BY Art Thiel 08:00PM 11/05/2013

Thiel: Mariners hire next scapegoat; so what?

The hire of Lloyd McClendon as Mariners manager is as meaningless as wings on a cinder block. No knock on him; he’s just the latest in a long line of victims in a dither festival.

Those were the days, my friend . . . / Drew Sellers, Sportspress Northwest

Unqualified for the world’s worst occupation  — a single mother with three kids and no income — Lloyd McClendon had to settle for second-worst: He’s the new manager of the Seattle Mariners. I’m sure he knows what he’s doing, which puts him one-up on his new bosses, but either he didn’t have Eric Wedge’s phone number, or Wedge signed a confidentiality agreement to stay mum.

Wedge was about as good a manager as the Mariners were entitled to have — a knowledgeable, passionate, no-nonsense baseball lifer who was so committed he agreed to move his family to Seattle (something rarely done) and adopt the party line of ownership’s Politburo, on and off the record. He was even an experienced MLB manager who had success in his previous gig in Cleveland.

The man was sufficiently intense that, at 45, he took a stroke for the club. A month later, he returned to work, and five weeks later, he ran screaming, citing, bitterly, disagreement on direction.

We still don’t know his reasons for saying, “I wouldn’t take a five-year deal if they offered it,” but if given a chance to read complete depositions from both sides on the separation, I’m inclined to accept Wedge’s view sight unseen. Just wish he talked to McClendon.

With all due respect to McClendon’s baseball acumen, I don’t much care about the successor to Wedge.

I have a professional commitment to share thoughts with readers, but a coaching change in any sport offers at least some intrigue. Not happening here.

Since the same people, CEO Howard Lincoln and president Chuck Armstrong, who hired McClendon also were the people who hired and (all but) fired Wedge, as well as Don Wakamatsu, John McLaren, Mike Hargrove and Bob Melvin, futility shouts from the mountaintops.

That doesn’t necessarily mean the roster for 2013-14, still subject to much change, will be hopeless, only that McClendon will be helpless to influence the seasonal outcome. If the Mariners manager was granted influence, Wedge would still be here.

McClendon joins a franchise whose ownership is in infinite and remorseless dither, one that believes the run-around-the-bases event for fans post-game is as important as the previous nine innings’ attempts by employees to run around the bases. Because baseball managers are concerned with winning sooner than later, they are in perpetual conflict with the bosses. The churn is debilitating.

USA Today ran an infographic recently, linked here, that looked at managerial longevity in MLB. It compiled the length of service of each franchise’s past five managers. The paper under-reported Wedge’s term of service (three years, not one), but adding in the correct number makes for an average managerial term of 2.04 years, second-shortest to the 1.88 of the Miami Marlins, whose owner, Jeffrey Loria,  is a Marge Schott-grade loon.

In contrast, the tenures of St. Louis managers is an MLB-longest 6.7 years. No coincidence that the Cardinals are the best-run franchise in the business.

A more subjective measure was a ranking by Sports on Earth of MLB’s most tortured fan bases by Will Leitch, who put the Mariners third behind No. 2 Indians and No. 1 Cubs. The Indians were most recently won in the Series in 1948, the Cubs in 1908, and the Mariners, of course, never.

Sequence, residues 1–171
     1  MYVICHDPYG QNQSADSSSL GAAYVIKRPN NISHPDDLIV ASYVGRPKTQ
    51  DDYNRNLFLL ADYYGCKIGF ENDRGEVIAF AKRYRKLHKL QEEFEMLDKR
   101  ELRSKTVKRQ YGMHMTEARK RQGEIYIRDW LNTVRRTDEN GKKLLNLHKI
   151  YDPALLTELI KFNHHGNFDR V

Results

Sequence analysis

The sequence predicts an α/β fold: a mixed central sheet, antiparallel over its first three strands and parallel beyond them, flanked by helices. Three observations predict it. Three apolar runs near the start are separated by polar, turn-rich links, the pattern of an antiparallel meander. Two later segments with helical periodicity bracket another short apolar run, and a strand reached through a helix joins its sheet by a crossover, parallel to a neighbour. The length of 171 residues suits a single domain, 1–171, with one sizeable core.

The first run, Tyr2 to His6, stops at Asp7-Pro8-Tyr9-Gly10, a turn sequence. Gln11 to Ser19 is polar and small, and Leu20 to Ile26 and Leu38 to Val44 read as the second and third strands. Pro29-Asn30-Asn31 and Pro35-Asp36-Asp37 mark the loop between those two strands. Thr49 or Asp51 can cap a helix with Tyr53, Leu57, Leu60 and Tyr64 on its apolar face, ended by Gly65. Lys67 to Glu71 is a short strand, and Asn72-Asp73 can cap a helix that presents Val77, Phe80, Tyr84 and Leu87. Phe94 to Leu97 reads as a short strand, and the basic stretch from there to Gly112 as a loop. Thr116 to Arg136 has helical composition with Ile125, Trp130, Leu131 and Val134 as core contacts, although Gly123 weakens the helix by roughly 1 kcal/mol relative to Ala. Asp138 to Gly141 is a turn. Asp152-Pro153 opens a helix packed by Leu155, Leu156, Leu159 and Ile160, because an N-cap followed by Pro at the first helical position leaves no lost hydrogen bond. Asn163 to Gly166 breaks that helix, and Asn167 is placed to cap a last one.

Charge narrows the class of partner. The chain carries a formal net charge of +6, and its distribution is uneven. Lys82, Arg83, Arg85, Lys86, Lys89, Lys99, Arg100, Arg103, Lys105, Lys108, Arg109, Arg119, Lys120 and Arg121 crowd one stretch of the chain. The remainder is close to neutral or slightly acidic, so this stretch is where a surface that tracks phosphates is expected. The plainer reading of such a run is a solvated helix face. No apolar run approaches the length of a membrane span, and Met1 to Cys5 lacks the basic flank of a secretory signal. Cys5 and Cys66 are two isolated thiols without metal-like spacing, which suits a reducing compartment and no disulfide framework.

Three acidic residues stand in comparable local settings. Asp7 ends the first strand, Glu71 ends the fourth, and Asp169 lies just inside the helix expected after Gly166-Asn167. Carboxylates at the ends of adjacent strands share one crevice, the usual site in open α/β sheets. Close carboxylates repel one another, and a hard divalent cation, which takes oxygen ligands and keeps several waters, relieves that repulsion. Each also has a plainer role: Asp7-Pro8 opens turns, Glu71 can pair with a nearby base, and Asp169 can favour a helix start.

Leitch’s conclusion: “For my money, the Mariners are the great, under-appreciated, tortured fan base in sports. And that World Series rarely has looked further away than it does now.”

That observation is a damning indictment — other than a splendid ballpark that was produced out of six weeks of good baseball at the end of 1995, the Mariners are barely ahead of where they were as an expansion team in 1977. Only the introduction of the wretched Houston Astros (season series: Mariners 10, Astros 9) kept Seattle’s 71-91 finish from being worst in the division again (for the record, the Mariners in their first season were 64-98).

Mariners managers are a symptom of the malaise, not a cause. Except for a fortunate series of circumstances, as well as persuasive powers of the club’s former CEO, John Ellis, that brought Lou Piniella here for 10 years, Mariners managers are victims of an ownership led by Lincoln and the late Hiroshi Yamauchi, which has not made successful baseball the No. 1 priority.

The baseball axiom is that all managers know they are hired to be fired. But in addition in Seattle, they are hired to be scapegoated. Every couple of years. Sorry you didn’t hear, Lloyd McClendon.

Don’t buy. Rent.


YourThoughts

  • Kelly Pranghofer

    Good article Art…sad we are at this point again. By the way, when you say “The Indians were most recently in the Series…”, I think you actually mean last “won” the Series, no?

    • art thiel

      Yes, fixed. Thanks.

  • Choska

    What’s a Mariner?

    • hb2p

      The Mariners are kind of like the Pilots, but without the charm.

  • Tian Biao

    well, the nice thing about this article is, at least we fans are not the only folks out here who feel the pain and see the futility and recognize the situation for what it is. Art sees it too, and so to a lot of other people. My friends call me cynical, but to me cynicism is simply a sort of remorseless logic: if you see the same pattern repeat itself five times, with five previous managers, then it is only reasonable to assume that the same pattern will repeat itself once again, with poor doomed McClendon. And so it goes . . . sigh.

    • 1coolguy